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Concordia Professor Helps Stray Cats MTL

March 1st, 2007, 07:40 AM
Stray cat cut

Felines without sex tools means no
unwanted kittens, says Steri-Animal co-founder


Name: Ann English

Age: 56

Occupation: Chemistry professor/co-founder of Steri-Anima

Bio: This benevolent downtown resident had been volunteering for the Animal Rescue Network for quite some time when she “came to realize that one of the main issues with respect to animals in Quebec was overpopulation.” In 2003, Ann, a chemistry professor at Concordia, along with three other volunteers from the ARN, decided the time was ripe to launch Steri-Animal, an organization devoted to stabilizing the local feral and unwanted cat population here in Montreal. She lives with two cats of her own and says she’d have more if it weren’t for her busy travel schedule, which already makes finding cat sitters for her two babies a constant challenge. Steri-Animal’s next Adoption Day will be taking place on Saturday, March 3, at Le Réveil du Maître (6165 Monkland)

What Steri-Animal does: “The main service we provide is sterilization of unwanted and feral animals. We find colonies of cats living outside, sterilize them and later return them to their territories.”

Why this might be an effective way to stabilize the local stray population: “You can’t just take them away and kill them like the city does because more animals simply come and take over the territory. But when you sterilize a colony, you stabilize it, and if somebody is feeding and providing minor shelter for these animals over the winter, it becomes the ideal situation.”

Isn’t trying to bag some feral feline with a healthy distrust of humanity a great way to get slashed to pieces? “Well, we use traps and the vets obviously tranquilize them before sterilizing them.”

So a stray cat can survive this hateful climate? “Yes, so long as they’re given some shelter when it gets very cold and if they’re fed, of course. But they don’t have long lives. Basically, the lifespan of an outdoor cat is about 2 years. When they don’t have shelter though, they freeze to death.”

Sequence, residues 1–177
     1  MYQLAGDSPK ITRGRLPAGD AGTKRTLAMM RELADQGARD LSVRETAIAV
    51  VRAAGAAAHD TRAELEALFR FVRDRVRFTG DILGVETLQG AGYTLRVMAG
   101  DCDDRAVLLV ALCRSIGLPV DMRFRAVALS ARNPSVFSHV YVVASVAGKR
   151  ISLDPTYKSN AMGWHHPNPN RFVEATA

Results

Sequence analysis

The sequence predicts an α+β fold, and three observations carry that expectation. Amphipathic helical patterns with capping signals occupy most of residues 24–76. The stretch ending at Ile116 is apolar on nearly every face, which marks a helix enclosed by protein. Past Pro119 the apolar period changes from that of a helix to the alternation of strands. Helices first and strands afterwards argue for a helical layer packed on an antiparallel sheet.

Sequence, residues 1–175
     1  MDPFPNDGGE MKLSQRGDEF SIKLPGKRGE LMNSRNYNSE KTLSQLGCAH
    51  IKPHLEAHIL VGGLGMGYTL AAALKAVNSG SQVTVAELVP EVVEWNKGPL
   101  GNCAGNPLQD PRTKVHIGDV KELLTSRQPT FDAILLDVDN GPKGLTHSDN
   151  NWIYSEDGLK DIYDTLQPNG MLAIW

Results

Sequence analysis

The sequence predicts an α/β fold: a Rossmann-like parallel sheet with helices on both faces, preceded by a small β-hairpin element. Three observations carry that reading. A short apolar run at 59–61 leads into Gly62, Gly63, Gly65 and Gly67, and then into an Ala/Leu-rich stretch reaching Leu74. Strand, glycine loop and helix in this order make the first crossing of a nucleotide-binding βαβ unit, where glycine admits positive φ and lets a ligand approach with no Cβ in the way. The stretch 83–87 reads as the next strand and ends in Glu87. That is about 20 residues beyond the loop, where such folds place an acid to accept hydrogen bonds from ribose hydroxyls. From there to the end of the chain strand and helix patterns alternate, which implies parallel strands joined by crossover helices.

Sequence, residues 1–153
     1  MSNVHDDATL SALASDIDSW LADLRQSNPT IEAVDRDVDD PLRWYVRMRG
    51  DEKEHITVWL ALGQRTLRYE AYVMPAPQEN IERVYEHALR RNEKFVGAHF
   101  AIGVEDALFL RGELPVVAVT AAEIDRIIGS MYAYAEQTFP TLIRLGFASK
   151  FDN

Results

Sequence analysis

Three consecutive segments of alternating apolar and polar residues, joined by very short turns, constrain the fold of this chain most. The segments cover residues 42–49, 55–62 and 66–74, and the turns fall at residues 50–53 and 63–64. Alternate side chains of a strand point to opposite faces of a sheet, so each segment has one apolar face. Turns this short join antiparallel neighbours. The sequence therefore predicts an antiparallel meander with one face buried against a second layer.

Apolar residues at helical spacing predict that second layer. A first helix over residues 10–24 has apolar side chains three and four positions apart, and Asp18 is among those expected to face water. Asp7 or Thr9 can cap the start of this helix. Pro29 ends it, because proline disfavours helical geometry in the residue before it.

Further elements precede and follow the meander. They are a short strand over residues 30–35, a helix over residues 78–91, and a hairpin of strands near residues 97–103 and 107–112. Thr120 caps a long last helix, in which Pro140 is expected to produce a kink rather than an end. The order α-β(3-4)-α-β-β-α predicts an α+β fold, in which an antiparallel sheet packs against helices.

How to provide some basic shelter so those constantly fighting felines in your back alley don’t freeze: Go to www. to find out and/or apply to volunteer for the organization. “They don’t need much, just a small space, but they still need basic shelter from the elements.”

Her estimate as to how many felines are living on Montreal streets at any given time: “Oh, hundreds of thousands, maybe a million or more.”

Something she firmly believes in: Always keeping your cat indoors. “People letting their cats roam outside is a big problem in Montreal. We come across so many horror stories—cats being mauled by dogs, hit by cars, so many wind up missing and who knows where they end up, perhaps in a lab somewhere. Usually, it’s the same people who don’t sterilize their pets who let them out to wander all the time.”

Has she ever considered just taking some of these forgotten strays to the vivisectionists who work alongside her at Concordia to experiment on? “Actually, in chemistry, we don’t do any experiments on animals.”

Last book read: Love in the Time of Cholera, by Gabriel Garcia Marquez.

Musical preferences: John Coltrane, Oscar Peterson.

Words of wisdom: “Spay and neuter your pets.”